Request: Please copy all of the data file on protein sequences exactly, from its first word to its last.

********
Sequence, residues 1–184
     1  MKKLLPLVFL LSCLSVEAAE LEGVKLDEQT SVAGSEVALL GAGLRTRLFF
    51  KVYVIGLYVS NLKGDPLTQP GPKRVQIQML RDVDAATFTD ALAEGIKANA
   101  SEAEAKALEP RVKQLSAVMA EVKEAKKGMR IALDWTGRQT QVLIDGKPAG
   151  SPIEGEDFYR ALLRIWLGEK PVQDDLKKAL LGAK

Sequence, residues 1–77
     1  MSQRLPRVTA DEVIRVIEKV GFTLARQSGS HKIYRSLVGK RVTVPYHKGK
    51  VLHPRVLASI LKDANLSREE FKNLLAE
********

Sequence, residues 1–184
     1  MKKLLPLVFL LSCLSVEAAE LEGVKLDEQT SVAGSEVALL GAGLRTRLFF
    51  KVYVIGLYVS NLKGDPLTQP GPKRVQIQML RDVDAATFTD ALAEGIKANA
   101  SEAEAKALEP RVKQLSAVMA EVKEAKKGMR IALDWTGRQT QVLIDGKPAG
   151  SPIEGEDFYR ALLRIWLGEK PVQDDLKKAL LGAK

Sequence, residues 1–77
     1  MSQRLPRVTA DEVIRVIEKV GFTLARQSGS HKIYRSLVGK RVTVPYHKGK
    51  VLHPRVLASI LKDANLSREE FKNLLAE